A small group of Indiana University students who previously failed to overturn their school’s COVID-19 vaccine mandate are now trying again by asking for relief directly from the U.S. Supreme Court.
Led by lead plaintiff Ryan Klaassen, the students have advanced the not-quite-novel and three-time-losing legal theory that the Fourteenth Amendment to the U.S. Constitution somehow forbids a state entity from imposing a vaccine mandate.
As Law&Crime previously reported, the eight anti-vaccination students filed their initial 55-page lawsuit in late June.
On July 18, the U.S. District Court for the Northern District of Indiana denied the students’ bid for a preliminary injunction against the flagship state school’s vaccine policy. Three days later, the same district court trounced the students’ motion for an injunction pending appeal.
Earlier this month, a trio of Republican-appointed judges on the U.S. Court of Appeals for the Seventh Circuit refused to stop the university’s policy from taking effect by noting that vaccine mandates have a long constitutional pedigree and are, despite the ongoing right-wing culture war messaging against COVID-related government action, both commonplace and commonsensical public health measures.
Since 1905, the nation’s highest court has upheld all manner of mandatory vaccination regimes promulgated by state actors. The legal history of such measures began with the landmark case of Jacobson v. Massachusetts, which in 1905 upheld a mandatory smallpox vaccination law that punished the non-observant with fines and potential imprisonment. The petitioner way back then, much like the student petitioners now, objected to the law under the 14th Amendment. It was all for naught; a 7-2 majority of the court ruled in favor of the state in the name of public health.
“Given Jacobson v. Massachusetts, which holds that a state may require all members of the public to be vaccinated against smallpox, there can’t be a constitutional problem with vaccination against [COVID],” well-known (in legal circles) conservative Circuit Judge Frank Easterbrook noted. “To the contrary, vaccination requirements, like other public health measures, have been common in this nation.”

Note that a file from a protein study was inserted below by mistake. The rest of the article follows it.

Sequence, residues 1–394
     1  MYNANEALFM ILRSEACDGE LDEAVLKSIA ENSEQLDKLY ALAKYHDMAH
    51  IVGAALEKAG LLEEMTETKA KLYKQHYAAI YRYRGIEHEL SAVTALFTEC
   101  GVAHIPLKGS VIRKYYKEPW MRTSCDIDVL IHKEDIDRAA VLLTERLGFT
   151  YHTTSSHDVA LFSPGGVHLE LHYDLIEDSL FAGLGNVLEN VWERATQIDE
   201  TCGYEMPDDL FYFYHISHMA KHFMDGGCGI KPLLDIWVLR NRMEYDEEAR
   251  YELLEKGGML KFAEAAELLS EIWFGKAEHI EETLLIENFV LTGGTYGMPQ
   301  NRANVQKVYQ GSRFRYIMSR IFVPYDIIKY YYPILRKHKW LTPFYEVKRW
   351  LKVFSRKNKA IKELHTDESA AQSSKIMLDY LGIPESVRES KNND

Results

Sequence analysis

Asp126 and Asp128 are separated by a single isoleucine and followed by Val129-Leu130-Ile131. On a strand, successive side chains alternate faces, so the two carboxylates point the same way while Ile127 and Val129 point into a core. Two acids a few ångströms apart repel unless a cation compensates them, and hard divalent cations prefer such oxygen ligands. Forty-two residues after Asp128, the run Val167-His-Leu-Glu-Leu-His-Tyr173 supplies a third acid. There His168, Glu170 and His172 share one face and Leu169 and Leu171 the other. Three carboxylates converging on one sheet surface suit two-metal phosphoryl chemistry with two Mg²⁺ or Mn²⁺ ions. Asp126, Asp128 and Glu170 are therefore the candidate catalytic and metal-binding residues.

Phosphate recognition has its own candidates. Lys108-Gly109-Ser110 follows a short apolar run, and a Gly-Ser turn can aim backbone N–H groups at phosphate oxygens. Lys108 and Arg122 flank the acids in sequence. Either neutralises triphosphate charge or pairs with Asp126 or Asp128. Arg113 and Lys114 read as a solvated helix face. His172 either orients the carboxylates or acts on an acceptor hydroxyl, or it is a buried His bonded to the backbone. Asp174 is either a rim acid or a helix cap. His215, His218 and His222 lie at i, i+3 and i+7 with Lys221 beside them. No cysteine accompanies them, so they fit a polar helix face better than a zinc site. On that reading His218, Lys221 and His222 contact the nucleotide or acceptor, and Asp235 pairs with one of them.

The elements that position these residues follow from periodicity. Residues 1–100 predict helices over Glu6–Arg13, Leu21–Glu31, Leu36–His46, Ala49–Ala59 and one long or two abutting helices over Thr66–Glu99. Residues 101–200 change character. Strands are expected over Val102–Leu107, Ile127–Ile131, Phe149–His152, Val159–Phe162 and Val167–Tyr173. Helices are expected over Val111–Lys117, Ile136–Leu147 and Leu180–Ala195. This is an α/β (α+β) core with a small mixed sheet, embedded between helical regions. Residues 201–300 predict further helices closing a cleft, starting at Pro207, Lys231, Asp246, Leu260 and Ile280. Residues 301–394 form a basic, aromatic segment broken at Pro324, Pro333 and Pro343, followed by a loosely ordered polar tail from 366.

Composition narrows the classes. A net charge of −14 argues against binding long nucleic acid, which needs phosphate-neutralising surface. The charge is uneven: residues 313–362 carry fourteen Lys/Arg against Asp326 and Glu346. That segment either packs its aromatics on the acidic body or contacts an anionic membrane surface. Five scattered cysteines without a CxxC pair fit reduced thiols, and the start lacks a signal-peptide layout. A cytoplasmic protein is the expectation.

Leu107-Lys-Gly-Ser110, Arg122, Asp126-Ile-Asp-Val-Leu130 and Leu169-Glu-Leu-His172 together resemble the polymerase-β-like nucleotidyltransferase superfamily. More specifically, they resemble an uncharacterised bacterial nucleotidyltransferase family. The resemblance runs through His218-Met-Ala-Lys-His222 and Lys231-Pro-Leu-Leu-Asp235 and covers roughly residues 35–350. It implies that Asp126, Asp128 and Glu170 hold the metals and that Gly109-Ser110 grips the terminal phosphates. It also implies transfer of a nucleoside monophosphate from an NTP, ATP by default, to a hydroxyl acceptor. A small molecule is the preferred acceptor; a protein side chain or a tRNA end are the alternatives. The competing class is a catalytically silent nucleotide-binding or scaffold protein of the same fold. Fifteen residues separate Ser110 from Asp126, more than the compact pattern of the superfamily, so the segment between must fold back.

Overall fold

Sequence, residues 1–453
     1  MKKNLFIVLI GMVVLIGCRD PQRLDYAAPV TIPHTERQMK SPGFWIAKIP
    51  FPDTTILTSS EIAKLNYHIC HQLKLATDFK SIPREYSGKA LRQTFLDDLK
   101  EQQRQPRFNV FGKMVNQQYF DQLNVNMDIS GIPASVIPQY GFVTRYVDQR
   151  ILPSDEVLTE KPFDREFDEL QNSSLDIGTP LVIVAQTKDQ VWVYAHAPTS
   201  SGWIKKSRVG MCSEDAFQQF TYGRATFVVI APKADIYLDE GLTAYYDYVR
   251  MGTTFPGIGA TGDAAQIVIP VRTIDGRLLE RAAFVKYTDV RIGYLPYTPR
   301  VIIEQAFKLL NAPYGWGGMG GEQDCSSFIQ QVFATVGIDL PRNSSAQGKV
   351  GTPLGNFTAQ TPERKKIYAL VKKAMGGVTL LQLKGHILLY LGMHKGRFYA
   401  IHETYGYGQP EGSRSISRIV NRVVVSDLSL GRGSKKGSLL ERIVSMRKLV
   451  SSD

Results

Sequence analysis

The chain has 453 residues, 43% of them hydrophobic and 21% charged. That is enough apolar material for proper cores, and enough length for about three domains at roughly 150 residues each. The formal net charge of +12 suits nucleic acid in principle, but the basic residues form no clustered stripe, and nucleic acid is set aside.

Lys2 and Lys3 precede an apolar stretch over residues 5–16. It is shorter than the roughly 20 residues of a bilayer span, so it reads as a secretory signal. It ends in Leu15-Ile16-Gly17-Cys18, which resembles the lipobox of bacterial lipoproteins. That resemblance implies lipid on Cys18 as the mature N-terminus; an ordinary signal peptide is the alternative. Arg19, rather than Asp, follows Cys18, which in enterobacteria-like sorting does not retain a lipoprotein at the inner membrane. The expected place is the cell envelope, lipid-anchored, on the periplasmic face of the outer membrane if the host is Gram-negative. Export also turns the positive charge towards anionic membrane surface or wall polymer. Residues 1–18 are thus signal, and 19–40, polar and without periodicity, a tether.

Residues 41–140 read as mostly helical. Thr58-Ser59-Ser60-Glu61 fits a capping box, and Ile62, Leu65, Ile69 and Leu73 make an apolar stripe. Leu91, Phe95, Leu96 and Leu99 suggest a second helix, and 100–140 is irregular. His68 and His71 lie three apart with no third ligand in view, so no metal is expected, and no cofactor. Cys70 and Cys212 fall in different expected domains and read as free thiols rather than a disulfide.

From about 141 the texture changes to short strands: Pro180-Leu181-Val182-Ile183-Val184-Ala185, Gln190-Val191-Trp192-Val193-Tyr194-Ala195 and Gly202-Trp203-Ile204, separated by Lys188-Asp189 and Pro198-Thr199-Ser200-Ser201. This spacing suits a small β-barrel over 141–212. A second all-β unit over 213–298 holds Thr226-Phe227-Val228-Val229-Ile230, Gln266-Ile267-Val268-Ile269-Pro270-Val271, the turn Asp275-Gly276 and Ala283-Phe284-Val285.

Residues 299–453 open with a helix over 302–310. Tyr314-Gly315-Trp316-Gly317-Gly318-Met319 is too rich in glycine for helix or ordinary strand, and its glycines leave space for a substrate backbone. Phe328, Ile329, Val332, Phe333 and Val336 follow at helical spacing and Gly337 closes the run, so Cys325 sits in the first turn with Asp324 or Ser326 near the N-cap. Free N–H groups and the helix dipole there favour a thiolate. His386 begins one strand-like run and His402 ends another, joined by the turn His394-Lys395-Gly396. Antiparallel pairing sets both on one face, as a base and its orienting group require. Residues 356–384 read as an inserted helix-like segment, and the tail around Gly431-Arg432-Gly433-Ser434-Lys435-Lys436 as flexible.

The students, undeterred, would now like to try their hand with the high court’s notoriously obscure shadow docket.
“The circumstances here are clear — Students are required to comply with IU’s Mandate in order to receive a government benefit (matriculating at IU),” the application addressed to Justice Amy Coney Barrett argues. “The substantive due process rights to bodily integrity, autonomy, and medical choice are equally clear.”
In their 39-page emergency writ for an injunction requesting relief, the students point out that the three U.S. COVID vaccines are only being administered under an “Emergency Use Authorization” which requires that the FDA issue a series of boilerplate warnings about the nature of the shots themselves.
These so-called “informed consent” guidelines are only binding on the FDA itself, but, the students argue, the “principle” at stake should vindicate their desire to refuse the shots.
“Accordingly, the same processes should be used, and consents obtained, when suggesting that students take a vaccine that has only been approved for emergency use,” the filing argues. “Students believe the required consent is undermined by IU’s Mandate and rendered a nullity for them. IU’s Mandate is contrary to these principles, processes, and consents.”
The petition also takes aim at the relevant case law — and essentially asks the court to revisit (and overturn) longstanding precedent:
This case presents this Court with the opportunity to address important constitutional issues and to provide needed guidance to the lower courts regarding the flood of COVID vaccine mandate-related cases already pending and expected, regarding the historically unique, but now ubiquitous, situation where state officials, as here, claim the authority to compel vaccination based upon precedent that is over a century old, despite this Court’s developed jurisprudence regarding substantive due process rights since 1905. This Court has developed doctrines to protect the infringement of fundamental rights of bodily integrity, autonomy, and medical choice, and the scrutiny level that should be applied to these constitutional questions, depending on the context involved. Now this Court has the opportunity to decide in this case whether Students are protected by these doctrines.
In other words, to hear the students tell it, lower courts are reading Jacobson and applying it without using novel substantive due process frameworks that don’t really exist. This filing asks the court to make new law based on a recent concurrence by Justice Neil Gorsuch.
“The relevant constitutional jurisprudence here demands heightened scrutiny,” the students argue–bidding for an exacting method of constitutional interrogation that essentially results in foregone negative conclusions about the validity of government action when the method is used by the courts.
“Such scrutiny should apply to the review of IU’s Mandate because, under modern constitutional jurisprudence, an infringement on now-recognized fundamental rights of bodily integrity, autonomy, and of medical treatment choice exists here by IU’s conditional denial of benefits, seeking to coerce IU students into forfeiting their fundamental rights on the threat of virtual expulsion,” the filing continues. “Under the heightened scrutiny now required, IU’s Mandate comprises an unconstitutional condition on Students.”
Read the full application below:
[image via screengrab/Indiana University]
Have a tip we should know? [email protected]